Praise and worship songwriter Matt Redman talks Tearfund, the nature of worship and embarrassing waistcoats.
It seems that Tearfund supporters have a special place in their hearts for Matt Redman’s songs. Last year we asked supporters to write in with their favourite hymn or worship song. Two of the three most popular songs were Redman compositions (10,000 Reasons and Blessed be Your Name). Readers told moving stories of how his compositions had spoken to them at key moments in their lives.
It turns out that Matt has a soft spot for Tearfund (and our supporters) too. He has just finished a short tour, supported by us and Big Church Live (the same people who bring the annual Big Church Day Out festivals every summer).
He’s a busy guy, but I caught up with him backstage on the final night in Bath. We talked worship, justice and embarrassing waistcoats, while special guest Lucy Grimble belted out her set.
What’s your favourite song that you’ve written?
‘Can I have two? With 10,000 Reasons, there’s been a lot of momentum around that – a lot of stories have come back about it. But there’s a song I wrote a long time ago called The Father’s Song when my wife was pregnant with our first child Maisey – she’s 17 now. And it’s really about how God sings over us and how it initiates us singing over him.’
What would you say to the 15-year-old you?
‘I know what I’d say to the 19-year-old me: “Don’t wear that waistcoat on the album cover, because you’re going to regret that!” To the 15-year-old me, I’d say “just enjoy it!” I was so intent on having a good heart and the right motives that I wasn’t allowing myself to enjoy what he had given me to do. When God gives you something to do in life, quite often it’s going to be something you thrive on and enjoy doing.’
A lot of young Christians dream of leading worship. Does the world need more worship leaders?
‘I think journeying together through music as the people of God, is such an important part of how we respond to God. It’s there, right through the Bible; the Psalms are the hymnbook of Jesus. You get to the end of the Bible and they’re using music to worship God in heaven. Because of that, yes we need more worship leaders. But the important thing is to make sure that we’re more than just music leaders. The music is the easiest bit in some ways. Finding and leading songs that paint a big and accurate picture of who God is and line up with scripture; that’s the big challenge.’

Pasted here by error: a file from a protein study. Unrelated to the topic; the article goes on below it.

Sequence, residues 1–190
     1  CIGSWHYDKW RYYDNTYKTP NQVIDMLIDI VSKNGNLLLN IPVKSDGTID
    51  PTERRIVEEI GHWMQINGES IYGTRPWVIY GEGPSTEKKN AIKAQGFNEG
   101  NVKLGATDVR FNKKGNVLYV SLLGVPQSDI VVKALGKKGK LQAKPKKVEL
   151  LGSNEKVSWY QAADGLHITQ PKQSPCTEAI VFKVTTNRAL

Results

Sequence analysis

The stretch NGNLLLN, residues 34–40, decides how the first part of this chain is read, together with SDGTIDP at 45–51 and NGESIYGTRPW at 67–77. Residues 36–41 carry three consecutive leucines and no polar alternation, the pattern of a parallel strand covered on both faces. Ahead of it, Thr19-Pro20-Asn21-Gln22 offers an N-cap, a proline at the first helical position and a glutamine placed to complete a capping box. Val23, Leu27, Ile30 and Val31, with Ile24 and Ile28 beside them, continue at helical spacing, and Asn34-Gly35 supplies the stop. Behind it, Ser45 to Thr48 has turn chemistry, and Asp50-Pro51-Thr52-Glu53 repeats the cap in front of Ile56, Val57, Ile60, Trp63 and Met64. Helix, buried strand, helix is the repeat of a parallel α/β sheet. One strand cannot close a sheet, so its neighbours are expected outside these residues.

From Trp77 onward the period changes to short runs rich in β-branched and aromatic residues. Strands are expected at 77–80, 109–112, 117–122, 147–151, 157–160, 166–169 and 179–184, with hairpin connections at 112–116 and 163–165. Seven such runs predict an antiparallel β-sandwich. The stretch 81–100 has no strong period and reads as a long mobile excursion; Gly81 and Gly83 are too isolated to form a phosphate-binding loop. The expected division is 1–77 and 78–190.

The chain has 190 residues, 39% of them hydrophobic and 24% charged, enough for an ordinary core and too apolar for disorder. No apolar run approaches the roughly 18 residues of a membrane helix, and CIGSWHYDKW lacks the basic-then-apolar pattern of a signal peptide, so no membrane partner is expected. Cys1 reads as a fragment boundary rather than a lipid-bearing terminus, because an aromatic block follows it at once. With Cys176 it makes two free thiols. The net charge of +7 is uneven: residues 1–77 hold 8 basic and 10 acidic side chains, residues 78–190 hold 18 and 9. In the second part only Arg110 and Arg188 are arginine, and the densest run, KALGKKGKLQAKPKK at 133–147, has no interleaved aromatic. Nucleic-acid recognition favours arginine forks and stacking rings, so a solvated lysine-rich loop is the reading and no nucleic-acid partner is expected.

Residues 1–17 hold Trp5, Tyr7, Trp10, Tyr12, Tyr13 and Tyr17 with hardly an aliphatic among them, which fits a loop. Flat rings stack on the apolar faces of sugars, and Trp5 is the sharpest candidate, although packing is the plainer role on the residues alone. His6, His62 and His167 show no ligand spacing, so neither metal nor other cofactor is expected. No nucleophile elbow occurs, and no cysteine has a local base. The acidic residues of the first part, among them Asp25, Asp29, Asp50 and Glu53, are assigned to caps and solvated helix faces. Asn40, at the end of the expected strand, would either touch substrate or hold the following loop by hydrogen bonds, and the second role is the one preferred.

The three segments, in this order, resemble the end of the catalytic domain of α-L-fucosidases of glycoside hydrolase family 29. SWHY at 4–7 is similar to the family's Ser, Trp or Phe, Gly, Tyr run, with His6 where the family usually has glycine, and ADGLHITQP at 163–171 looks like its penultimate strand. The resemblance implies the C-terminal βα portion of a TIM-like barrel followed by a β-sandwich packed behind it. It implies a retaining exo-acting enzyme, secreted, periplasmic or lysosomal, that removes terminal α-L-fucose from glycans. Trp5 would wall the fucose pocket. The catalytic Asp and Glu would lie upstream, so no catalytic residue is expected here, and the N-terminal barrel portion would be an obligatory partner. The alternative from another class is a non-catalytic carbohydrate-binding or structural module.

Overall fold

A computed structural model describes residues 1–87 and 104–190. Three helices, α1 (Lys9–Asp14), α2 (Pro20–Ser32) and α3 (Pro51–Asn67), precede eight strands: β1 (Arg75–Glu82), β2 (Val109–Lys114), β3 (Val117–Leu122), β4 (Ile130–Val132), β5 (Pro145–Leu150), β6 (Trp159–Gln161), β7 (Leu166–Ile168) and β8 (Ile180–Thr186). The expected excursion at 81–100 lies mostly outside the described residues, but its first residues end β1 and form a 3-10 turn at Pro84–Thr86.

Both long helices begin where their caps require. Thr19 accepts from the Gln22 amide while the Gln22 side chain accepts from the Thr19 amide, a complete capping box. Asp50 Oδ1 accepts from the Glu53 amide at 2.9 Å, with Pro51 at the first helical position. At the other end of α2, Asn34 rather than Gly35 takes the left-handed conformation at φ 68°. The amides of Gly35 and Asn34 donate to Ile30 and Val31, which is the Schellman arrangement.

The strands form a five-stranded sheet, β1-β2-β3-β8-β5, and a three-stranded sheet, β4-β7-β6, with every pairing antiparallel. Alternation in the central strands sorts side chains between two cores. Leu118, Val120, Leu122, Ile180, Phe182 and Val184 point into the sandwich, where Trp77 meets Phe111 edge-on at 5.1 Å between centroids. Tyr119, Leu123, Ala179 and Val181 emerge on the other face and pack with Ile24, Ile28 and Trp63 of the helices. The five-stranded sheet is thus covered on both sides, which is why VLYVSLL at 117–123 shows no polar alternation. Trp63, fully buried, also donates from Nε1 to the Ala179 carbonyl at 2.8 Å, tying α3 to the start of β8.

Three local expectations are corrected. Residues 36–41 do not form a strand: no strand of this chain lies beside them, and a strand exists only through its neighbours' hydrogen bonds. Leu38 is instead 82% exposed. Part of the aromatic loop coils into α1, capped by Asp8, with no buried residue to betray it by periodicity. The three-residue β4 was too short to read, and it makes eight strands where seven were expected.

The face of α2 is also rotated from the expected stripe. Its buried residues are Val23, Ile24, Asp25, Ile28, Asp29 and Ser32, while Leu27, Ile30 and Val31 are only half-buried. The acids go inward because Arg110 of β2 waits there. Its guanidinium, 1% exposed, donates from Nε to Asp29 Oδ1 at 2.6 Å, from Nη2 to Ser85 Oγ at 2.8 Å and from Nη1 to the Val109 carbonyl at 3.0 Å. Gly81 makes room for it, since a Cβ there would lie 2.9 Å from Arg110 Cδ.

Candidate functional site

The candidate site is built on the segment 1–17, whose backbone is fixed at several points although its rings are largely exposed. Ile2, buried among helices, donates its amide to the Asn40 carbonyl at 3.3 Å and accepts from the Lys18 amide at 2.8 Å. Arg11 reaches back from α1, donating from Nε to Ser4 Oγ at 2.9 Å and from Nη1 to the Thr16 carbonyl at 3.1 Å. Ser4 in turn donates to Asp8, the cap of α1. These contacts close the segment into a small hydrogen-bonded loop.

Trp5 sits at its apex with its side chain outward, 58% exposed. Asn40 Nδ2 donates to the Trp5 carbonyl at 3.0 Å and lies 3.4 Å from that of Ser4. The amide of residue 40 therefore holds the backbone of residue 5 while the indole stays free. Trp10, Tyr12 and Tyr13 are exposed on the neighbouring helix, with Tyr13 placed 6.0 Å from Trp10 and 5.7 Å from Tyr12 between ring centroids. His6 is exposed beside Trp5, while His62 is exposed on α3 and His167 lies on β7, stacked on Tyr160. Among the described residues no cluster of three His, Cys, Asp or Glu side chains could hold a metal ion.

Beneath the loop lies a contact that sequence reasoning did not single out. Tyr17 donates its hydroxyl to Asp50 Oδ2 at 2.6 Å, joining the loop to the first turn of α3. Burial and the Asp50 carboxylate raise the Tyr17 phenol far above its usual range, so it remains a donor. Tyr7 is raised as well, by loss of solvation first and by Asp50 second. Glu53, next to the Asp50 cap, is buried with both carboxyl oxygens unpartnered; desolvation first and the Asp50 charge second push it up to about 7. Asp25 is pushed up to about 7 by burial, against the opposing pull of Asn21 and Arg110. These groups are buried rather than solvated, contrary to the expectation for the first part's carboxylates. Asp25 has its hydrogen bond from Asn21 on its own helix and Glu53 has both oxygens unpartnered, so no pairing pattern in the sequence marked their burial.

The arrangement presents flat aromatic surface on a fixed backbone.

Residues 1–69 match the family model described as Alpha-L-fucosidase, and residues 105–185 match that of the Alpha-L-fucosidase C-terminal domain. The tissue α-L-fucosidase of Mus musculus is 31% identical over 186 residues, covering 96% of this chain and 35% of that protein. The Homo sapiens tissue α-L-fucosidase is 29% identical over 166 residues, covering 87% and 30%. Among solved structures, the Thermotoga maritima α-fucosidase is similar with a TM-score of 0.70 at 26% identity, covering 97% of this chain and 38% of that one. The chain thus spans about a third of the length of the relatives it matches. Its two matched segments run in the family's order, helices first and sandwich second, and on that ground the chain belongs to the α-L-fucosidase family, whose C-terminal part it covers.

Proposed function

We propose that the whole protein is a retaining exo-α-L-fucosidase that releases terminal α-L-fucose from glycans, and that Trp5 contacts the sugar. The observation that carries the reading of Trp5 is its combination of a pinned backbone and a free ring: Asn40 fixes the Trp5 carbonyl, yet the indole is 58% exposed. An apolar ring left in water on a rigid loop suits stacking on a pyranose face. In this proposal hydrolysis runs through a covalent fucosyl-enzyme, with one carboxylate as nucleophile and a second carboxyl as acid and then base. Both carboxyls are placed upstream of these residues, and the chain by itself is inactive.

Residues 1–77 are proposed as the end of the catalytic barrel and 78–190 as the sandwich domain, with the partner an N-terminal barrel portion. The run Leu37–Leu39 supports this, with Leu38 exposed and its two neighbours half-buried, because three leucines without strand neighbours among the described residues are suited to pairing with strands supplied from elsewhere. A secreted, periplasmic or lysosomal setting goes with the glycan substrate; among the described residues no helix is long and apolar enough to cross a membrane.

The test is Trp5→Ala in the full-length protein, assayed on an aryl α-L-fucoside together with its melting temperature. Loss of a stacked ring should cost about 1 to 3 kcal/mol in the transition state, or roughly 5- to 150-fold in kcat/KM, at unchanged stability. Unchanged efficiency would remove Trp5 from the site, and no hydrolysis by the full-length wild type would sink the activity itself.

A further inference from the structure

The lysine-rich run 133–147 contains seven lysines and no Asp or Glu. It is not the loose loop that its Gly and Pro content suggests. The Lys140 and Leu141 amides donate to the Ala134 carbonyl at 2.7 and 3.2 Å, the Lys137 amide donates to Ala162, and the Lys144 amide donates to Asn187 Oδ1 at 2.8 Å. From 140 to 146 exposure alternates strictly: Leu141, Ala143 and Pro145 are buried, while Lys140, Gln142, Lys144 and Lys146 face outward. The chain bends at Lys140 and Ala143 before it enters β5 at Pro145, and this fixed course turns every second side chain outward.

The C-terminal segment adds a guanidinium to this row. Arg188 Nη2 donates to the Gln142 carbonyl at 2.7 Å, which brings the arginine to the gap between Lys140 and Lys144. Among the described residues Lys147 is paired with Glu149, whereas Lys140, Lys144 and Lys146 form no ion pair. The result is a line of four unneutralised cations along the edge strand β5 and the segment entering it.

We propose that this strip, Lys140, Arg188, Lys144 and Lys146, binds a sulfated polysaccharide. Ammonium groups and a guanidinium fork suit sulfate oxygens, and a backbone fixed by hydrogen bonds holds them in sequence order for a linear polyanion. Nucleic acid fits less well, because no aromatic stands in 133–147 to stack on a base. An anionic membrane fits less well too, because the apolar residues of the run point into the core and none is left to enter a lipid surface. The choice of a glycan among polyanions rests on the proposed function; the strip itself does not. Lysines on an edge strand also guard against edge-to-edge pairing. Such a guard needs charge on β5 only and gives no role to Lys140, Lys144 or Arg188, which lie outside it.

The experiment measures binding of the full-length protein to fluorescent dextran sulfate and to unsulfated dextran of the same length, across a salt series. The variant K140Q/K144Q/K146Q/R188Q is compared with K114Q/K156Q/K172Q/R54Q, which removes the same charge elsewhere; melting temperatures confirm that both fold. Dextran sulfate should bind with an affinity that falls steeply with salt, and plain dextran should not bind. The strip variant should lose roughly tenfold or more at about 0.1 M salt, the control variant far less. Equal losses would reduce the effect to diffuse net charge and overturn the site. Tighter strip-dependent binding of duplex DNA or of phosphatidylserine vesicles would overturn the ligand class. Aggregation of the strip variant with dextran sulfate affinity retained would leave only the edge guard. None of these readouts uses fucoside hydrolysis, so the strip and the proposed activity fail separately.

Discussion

How do these three words fit together: prayer, worship, action?
‘To me, prayer and worship belong together in so many ways. Then you have to complete the integrity of the things you’re saying and singing with your life. It’s an incomplete picture if you don’t add in action. Sometimes we think we get to know God through worship, or through leading worship, or through praying, which are all true, but the thing we underestimate is how well we get to know God through action. When you do something before God and with God, it’s one of the best ways of getting to know God.’
'What I love about Tearfund is this long legacy of working on God’s behalf, representing the heart of God.'Matt Redman
A related question: what does worship have to do with justice?
‘It seems to me that worship is about connecting with the heart of God and the heartbeat of God, so when you do that, you’re going to get his heart for the world too. You can’t say “I love God and I love connecting with God” and you don’t care about any of the things he cares about. So you could talk about the forgotten or the oppressed, the lonely or the refugee; when you start to connect with God, you start to learn that you care about those things too.
What’s the best piece of advice you’ve been given?
‘I think the best piece of advice I was ever given was “Whatever you’re doing, do it 100 per cent.” So, if you’re songwriting, pour yourself into that moment. If you’re leading worship, pour yourself into that moment. If you’re with the kids in the back garden, pour yourself into that moment... maybe leave the phone inside! These days it’s easy to get distracted and not give anything or anyone your full attention.’
Your tour is being supported by Tearfund, what does Tearfund mean to you?
‘I’ve been aware of Tearfund for a long, long time and what I love is their longevity. Anyone can get into something for a short time. Sometimes these things fizzle out, and what I love about Tearfund is this long legacy of working on God’s behalf, representing the heart of God amongst the poor, the downtrodden and the forgotten. And that longevity counts for a lot.’